Moderna seeks emergency authorization for COVID-19 vaccine in young children
Moderna on Thursday submitted a request to the FDA for emergency use authorization for its COVID-19 vaccine in children 6 months to under 6 years of age.
Why it matters: Young children have been largely unprotected throughout the pandemic. The FDA's approval could ultimately permit them to get a COVID-19 vaccine.
The big picture: Moderna said last month its COVID-19 vaccine for children — which consists of two 25-microgram doses — generated a strong immune response in children ages 6 months to 5 years.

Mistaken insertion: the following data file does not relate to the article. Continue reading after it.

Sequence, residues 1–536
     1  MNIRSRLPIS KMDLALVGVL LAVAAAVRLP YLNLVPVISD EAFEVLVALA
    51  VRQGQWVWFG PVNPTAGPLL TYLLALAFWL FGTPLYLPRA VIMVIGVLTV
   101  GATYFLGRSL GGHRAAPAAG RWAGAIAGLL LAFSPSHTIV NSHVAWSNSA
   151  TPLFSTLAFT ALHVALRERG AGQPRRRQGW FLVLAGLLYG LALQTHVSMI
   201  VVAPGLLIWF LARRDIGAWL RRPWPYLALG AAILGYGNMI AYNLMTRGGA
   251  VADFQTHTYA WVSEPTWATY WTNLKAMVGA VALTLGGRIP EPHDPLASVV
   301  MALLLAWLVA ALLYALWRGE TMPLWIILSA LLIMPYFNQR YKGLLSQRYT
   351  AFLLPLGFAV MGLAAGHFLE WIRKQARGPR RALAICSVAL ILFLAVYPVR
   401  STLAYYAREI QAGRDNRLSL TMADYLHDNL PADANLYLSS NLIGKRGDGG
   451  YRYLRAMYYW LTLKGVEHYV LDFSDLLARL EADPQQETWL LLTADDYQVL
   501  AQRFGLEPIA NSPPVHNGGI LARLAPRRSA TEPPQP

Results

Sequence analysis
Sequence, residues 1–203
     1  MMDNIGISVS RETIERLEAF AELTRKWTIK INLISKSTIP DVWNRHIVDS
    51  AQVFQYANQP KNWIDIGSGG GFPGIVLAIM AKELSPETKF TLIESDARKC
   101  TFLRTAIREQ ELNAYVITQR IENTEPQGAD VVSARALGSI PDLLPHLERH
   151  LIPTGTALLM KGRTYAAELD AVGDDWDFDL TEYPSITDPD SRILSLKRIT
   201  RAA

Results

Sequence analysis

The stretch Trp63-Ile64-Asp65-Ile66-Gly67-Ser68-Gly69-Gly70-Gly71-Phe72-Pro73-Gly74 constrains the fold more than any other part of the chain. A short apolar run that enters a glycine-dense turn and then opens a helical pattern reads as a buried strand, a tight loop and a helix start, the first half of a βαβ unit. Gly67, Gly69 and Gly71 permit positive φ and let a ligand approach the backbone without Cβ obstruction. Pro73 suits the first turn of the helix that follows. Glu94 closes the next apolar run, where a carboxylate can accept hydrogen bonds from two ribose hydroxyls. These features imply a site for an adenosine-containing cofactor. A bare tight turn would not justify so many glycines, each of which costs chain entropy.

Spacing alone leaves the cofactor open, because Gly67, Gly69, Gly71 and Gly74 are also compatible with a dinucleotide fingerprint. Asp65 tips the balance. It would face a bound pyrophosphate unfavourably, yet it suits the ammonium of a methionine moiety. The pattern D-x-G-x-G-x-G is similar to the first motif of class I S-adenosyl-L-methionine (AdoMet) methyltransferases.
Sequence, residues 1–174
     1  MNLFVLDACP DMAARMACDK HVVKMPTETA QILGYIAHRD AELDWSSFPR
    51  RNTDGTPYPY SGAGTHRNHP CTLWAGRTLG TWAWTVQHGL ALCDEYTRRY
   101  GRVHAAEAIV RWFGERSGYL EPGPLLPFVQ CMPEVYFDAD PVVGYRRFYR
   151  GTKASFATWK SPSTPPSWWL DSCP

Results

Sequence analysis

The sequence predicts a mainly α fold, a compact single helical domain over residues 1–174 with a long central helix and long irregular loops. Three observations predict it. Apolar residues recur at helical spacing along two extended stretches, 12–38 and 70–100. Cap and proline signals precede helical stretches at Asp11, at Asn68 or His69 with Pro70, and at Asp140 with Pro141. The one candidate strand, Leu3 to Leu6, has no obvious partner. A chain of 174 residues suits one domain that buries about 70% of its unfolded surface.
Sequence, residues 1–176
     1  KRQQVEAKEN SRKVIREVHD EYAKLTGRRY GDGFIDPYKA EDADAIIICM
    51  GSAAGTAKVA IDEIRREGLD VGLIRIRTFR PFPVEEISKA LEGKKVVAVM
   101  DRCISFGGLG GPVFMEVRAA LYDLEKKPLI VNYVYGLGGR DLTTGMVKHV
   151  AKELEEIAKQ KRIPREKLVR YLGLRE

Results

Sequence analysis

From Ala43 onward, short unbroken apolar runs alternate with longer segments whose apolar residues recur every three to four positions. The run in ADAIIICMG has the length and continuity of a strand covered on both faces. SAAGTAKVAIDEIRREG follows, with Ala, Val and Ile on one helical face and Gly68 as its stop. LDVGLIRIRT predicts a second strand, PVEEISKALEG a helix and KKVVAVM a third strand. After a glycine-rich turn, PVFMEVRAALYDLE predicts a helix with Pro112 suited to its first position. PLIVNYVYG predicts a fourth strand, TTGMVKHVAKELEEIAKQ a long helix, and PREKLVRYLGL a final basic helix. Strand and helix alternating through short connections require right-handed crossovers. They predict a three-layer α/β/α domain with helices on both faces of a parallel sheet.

- Efficacy was 43.7% for children ages 6 months to 2 years and 37.5% in children ages 2 to 6, clinical trial data showed.
- "The majority of cases were mild, and no severe COVID-19 disease was observed in either age group," the drugmaker said last month.
Driving the news: "We believe mRNA-1273 will be able to safely protect these children against SARS-CoV-2, which is so important in our continued fight against COVID-19, and will be especially welcomed by parents and caregivers," Moderna CEO Stéphane Bancel said in a statement.
Moderna also said Thursday that it is evaluating booster doses for children, including those ages 6 months to under 6 years.
Go deeper: The high-stakes push to get COVID vaccines to young children